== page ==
The seven (six) course Asian degustation

Degustation is a culinary term meaning “a careful, appreciative tasting of various foods” and focusing on the gustatory system, the senses, high culinary art and good company.

Inspired partly by Masterchef and partly out of sheer insanity, I decided to make a 7 course Asian degustation. But due to time constraints (I started at 3pm and managed to finish at 7:30), it turned out to be a 6 course degustation. I did some preparation for the other dessert course, but it would have taken a little more time to put together – so watch this space!

Without much further ado, onto the menu!

The first entree is salad of beansprouts with sesame dressing on an egg net. This one is Korean-inspired. The beansprouts are blanched first then dressed in sesame oil, salt etc.


The second entree is Vietnamese pork meatballs with sesame-infused soy sauce and mayonnaise. I cheated with both the soy sauce and the mayonnaise – soy sauce is from the farmers market at Pyrmont in Sydney and the mayonnaise is the famous Japanese Kewpie brand. For those that are about to scoll at me for using store-bought mayonnaise, I did make my own the other day!


The third entree is steamed cabbage rolls in a light chicken broth. This Chinese dish consists of julienned carrots, shitake mushrooms and dried tofu sheets wrapped in steamed cabbage (wombok). The broth is made from no other than Campbell’s chicken stock (so good and so easy).


The first main course is Dong Puo Rou with tea egg. What is Dong Puo Rou you ask? It’s really just a fancy Chinese name for slow-braised pork belly. The eggs are cooked with star anise and black tea, giving it a special fragrance.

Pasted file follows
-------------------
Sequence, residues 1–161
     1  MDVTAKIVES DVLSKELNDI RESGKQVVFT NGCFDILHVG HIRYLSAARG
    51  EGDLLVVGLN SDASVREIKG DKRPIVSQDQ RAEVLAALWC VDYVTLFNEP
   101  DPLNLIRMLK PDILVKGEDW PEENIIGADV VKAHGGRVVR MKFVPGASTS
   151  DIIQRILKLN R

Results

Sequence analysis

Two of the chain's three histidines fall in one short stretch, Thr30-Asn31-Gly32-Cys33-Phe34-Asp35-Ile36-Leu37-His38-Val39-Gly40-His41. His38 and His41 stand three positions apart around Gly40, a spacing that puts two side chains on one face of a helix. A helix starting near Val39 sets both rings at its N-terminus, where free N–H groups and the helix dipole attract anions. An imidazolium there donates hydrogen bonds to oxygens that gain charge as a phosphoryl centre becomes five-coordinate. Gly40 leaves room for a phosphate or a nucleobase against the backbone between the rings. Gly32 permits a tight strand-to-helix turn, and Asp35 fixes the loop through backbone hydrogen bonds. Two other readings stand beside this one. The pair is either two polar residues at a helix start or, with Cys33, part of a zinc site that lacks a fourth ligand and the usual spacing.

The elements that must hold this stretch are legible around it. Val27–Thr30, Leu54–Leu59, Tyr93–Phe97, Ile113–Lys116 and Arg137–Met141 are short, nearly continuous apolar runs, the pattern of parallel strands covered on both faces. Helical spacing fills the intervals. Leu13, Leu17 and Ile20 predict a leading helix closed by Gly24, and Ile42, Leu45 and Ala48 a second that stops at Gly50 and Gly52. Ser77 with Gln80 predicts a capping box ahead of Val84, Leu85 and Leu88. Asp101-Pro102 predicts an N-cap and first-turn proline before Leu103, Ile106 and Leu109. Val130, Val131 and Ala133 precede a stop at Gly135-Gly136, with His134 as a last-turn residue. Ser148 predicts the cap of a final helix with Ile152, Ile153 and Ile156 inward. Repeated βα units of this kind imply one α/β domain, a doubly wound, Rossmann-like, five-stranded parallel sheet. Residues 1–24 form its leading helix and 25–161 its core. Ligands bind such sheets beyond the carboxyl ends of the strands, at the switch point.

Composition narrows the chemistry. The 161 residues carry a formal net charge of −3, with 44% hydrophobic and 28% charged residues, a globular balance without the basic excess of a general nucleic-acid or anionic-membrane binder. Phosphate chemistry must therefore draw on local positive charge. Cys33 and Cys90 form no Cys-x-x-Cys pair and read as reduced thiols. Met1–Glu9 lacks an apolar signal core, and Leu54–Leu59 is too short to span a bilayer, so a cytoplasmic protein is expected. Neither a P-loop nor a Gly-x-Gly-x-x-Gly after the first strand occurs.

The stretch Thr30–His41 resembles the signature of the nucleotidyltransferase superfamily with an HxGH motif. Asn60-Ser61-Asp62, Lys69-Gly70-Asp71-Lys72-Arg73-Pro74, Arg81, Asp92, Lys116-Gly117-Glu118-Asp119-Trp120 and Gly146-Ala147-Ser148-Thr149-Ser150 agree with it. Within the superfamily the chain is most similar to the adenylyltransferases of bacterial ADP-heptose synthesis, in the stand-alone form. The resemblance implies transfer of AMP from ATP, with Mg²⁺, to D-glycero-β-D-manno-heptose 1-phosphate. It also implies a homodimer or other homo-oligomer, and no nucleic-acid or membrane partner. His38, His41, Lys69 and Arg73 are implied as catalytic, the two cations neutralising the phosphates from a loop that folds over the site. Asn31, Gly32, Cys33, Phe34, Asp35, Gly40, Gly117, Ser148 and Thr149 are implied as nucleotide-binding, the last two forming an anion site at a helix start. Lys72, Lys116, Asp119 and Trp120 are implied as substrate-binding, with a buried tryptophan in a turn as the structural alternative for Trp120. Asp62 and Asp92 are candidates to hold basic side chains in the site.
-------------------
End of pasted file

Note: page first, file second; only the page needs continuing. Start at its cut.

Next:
The second main course is chicken and potato coconut curry. Mum used to make this curry with curry powder from Shanghai, which had a special flavour. Western curry powder just don’t taste the same. Unfortunately, I can’t seem to find it here, so instead I improvised and added coconut milk to the curry, making it a partly-Chinese, partly-Indochina dish.


The dessert is Japanese green tea mousse with ai-yu jelly. This one was a quickie – I used Japanese green tea mousse from a packet, and the jelly came in a can šŸ™‚



Like I said, the second dessert course wasn’t prepared because I ran out of time, but will make it sometime this week!

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2 Responses to The seven (six) course Asian degustation

  1. Ben says:

    1) yum!
    2) yum!
    3) yum!
    4) yum!
    5) yum!
    6) yum!
    7) imaginary yum!

  2. cinnamobus says:

    I forgot to mention that Ben took the pretty pictures!!!

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